21 Jun Concussions, CTE and the World of Sports
Research was published on Chronic Traumatic Encephalopathy (CTE) examining brain disease among football players in the Journal of the American Medical Association, showing evidence of the direct correlation between concussions, CTE and athletes, particularly those playing contact sports.
What is a Concussion?
A concussion is defined as a complex pathophysiological process affecting the brain, induced by biomechanical forces. The cause for concussive head injuries includes direct blows to various parts of the body resulting in a force transferred to the head. This may cause a neuropathological change in a functional nature rather than a structural, therefore may be difficult to diagnose. In addition, concussions may also be asymptomatic and loss of consciousness is not always experienced.
What is Chronic Traumatic Encephalopathy (CTE)?
Chronic Traumatic Encephalopathy or CTE is a degenerative brain disorder caused by repeated trauma to the head, including concussions, with symptoms of dizziness, memory loss, confusion, dementia, movement disorders, etc. CTE is typically diagnosed post-mortem and is believed to be a result of repeated blows to the head causing gradual loss of normal brain matter and an irregular buildup of a tau protein, similar to what is seen in patients with Alzheimer’s disease.
Who is susceptible to Concussions and CTE?
CTE is predominantly found among athletes who play contact sports such as football, rugby, ice hockey, boxing, etc. and who receive repeated concussions. Research in the Journal of the American Medical Association found 177 out of 202 football players examined had evidence of CTE. While it is not present in all football players, CTE reflects a high occurrence, as the sample used in this research, contained brain donors from the United States and Canada, and ages varied between 23 and 89. All showed troubling symptoms according to their families before passing away.
Is there Treatment?
As of now, CTE can only be diagnosed post-mortem and for this reason, there are no known treatments. Concussions, however, if managed properly, do not have to lead to devastating effects. The initial phase of treatment begins with physical and cognitive rest as the brain’s vulnerability may lead to further injury. Depending on the severity and concussion history of the individual, treatment may include any of the following:
· Physical rest
· Cognitive rest
· Gradual return to activity
· Full medical clearance should be given before any return to play
· If symptoms are experienced, the individual would return to concussion treatment and await re-assessment
The recommencement of cognitive activity is identical to that of physical activity. Historically, patients were kept in a dark room for long periods, however, modern-day research demonstrates that gradual return to activity speeds up recovery.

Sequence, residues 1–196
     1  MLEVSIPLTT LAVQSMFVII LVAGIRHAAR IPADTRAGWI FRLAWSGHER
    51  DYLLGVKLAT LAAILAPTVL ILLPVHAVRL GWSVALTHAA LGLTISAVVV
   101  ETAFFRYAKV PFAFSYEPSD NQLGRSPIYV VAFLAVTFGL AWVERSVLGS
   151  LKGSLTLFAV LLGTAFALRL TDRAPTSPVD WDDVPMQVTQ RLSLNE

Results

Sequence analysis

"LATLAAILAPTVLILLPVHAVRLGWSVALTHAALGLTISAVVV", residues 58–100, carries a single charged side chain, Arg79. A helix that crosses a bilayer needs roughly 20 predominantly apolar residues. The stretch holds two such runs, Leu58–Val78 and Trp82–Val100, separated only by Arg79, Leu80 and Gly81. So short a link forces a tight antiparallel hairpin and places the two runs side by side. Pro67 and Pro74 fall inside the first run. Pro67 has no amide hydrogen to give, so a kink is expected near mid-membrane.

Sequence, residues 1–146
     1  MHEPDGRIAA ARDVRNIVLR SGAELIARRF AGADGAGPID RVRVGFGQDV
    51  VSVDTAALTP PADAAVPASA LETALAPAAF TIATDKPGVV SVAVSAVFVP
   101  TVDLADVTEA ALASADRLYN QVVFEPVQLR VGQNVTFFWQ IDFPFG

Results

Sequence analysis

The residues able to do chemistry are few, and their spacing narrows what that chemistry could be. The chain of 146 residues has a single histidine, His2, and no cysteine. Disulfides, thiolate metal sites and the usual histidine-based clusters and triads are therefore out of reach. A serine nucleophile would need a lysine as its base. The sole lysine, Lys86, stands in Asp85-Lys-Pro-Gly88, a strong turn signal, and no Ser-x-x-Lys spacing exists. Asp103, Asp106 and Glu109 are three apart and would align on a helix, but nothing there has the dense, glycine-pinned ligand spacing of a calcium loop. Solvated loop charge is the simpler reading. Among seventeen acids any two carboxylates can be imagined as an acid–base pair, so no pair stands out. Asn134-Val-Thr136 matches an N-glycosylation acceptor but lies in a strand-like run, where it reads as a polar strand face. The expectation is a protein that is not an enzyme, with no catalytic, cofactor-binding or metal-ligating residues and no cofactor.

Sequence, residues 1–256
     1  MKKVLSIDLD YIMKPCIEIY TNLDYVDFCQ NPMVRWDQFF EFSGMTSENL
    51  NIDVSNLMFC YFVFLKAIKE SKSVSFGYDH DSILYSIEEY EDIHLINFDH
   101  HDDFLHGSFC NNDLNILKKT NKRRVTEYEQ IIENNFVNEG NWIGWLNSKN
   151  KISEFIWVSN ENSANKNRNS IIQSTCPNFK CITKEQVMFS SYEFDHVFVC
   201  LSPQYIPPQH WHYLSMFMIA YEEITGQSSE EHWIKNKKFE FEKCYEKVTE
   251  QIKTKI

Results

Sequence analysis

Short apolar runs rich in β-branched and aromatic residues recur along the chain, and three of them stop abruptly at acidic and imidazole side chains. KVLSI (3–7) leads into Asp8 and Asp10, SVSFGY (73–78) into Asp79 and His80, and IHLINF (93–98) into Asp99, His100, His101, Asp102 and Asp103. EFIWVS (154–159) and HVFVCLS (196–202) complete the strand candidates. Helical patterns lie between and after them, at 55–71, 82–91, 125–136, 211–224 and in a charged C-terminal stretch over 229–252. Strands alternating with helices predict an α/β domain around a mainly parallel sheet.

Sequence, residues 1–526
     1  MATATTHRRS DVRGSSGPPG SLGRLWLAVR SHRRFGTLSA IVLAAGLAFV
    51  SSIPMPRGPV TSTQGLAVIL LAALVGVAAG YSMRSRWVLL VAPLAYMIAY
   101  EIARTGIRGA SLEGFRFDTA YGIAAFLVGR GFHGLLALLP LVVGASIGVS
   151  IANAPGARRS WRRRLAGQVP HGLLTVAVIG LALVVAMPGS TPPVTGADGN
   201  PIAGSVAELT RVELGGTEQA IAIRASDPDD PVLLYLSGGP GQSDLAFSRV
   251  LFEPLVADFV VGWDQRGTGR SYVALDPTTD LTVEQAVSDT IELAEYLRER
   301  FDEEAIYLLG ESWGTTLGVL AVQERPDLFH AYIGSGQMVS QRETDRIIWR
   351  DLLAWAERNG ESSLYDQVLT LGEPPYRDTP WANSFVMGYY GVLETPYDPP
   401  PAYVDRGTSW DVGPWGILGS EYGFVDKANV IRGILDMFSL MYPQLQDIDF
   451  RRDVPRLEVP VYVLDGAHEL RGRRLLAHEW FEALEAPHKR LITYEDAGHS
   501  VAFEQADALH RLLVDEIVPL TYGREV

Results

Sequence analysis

What are the long-term effects?
It depends on the individual, which ranges from full recovery to devastating complications.
Post-Concussive Syndrome or PCS may occur over a number of days or even months following the initial injury. Typically, PCS symptoms are troublesome but not permanent. They may include: persistent headaches, dizziness, inability to concentrate, anxiety, depression and sleep disturbances. Similar to concussions, PCS is treated on a gradual basis focusing on the individual’s psychological, physical and social well-being.
The greatest danger for athletes engaging in contact sports is repeated concussions, especially if the brain did not have enough recovery time. While recovering from an injury, the brain is especially weak and minor impacts can cause severe damage, such as the loss of autoregulation within the brain causing rapid swelling. Repeated concussions can also lead to CTE causing the brain to degenerate rapidly.
How can this be prevented?
Personal protective equipment, education and regulations are the best forms of prevention.
Personal protective equipment – helmets, mouth guards, face shields, visors or cages – is useful to lessen the strength of the impact and reduce the intensity of the injury but is not 100 per cent effective.
Should an accident happen, the best mitigation strategy is education. Most athletes do not understand the extent of their injury and subsequent consequences. This compiled with their eagerness to return to sport is a recipe for disaster. Educating athletes on the seriousness of concussions and CTE and the long-term consequences can help reduce instances of secondary injuries.
Rules and regulations are the building blocks to help prevent head blows causing severe injury.
What more can we do?
A strong cultural shift is essential to safeguard athletes from long-term de-habilitating brain injuries. Society allows and encourages participation in contact sports at a young age. The brain is not fully developed until 18-25 years of age. Although there have been advancements in recognising, diagnosing and treating concussions, more needs to be done.
· Better coaching practices
· Improving player accountability
· Enhanced knowledge transfer for coaches, parents, players and health care providers
· Non-contact sports for minors